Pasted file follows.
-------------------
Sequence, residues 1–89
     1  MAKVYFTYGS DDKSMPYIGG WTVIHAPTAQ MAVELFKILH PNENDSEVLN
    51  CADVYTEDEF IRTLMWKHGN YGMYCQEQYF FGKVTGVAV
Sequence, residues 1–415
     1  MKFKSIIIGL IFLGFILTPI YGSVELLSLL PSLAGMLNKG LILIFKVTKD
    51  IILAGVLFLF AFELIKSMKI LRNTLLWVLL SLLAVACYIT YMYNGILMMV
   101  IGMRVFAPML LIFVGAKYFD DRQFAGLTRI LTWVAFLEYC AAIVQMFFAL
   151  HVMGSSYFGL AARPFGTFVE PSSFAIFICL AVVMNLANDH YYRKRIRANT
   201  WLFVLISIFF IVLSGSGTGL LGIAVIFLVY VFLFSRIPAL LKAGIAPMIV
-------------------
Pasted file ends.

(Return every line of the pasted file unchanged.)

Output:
Sequence, residues 1–89
     1  MAKVYFTYGS DDKSMPYIGG WTVIHAPTAQ MAVELFKILH PNENDSEVLN
    51  CADVYTEDEF IRTLMWKHGN YGMYCQEQYF FGKVTGVAV
Sequence, residues 1–415
     1  MKFKSIIIGL IFLGFILTPI YGSVELLSLL PSLAGMLNKG LILIFKVTKD
    51  IILAGVLFLF AFELIKSMKI LRNTLLWVLL SLLAVACYIT YMYNGILMMV
   101  IGMRVFAPML LIFVGAKYFD DRQFAGLTRI LTWVAFLEYC AAIVQMFFAL
   151  HVMGSSYFGL AARPFGTFVE PSSFAIFICL AVVMNLANDH YYRKRIRANT
   201  WLFVLISIFF IVLSGSGTGL LGIAVIFLVY VFLFSRIPAL LKAGIAPMIV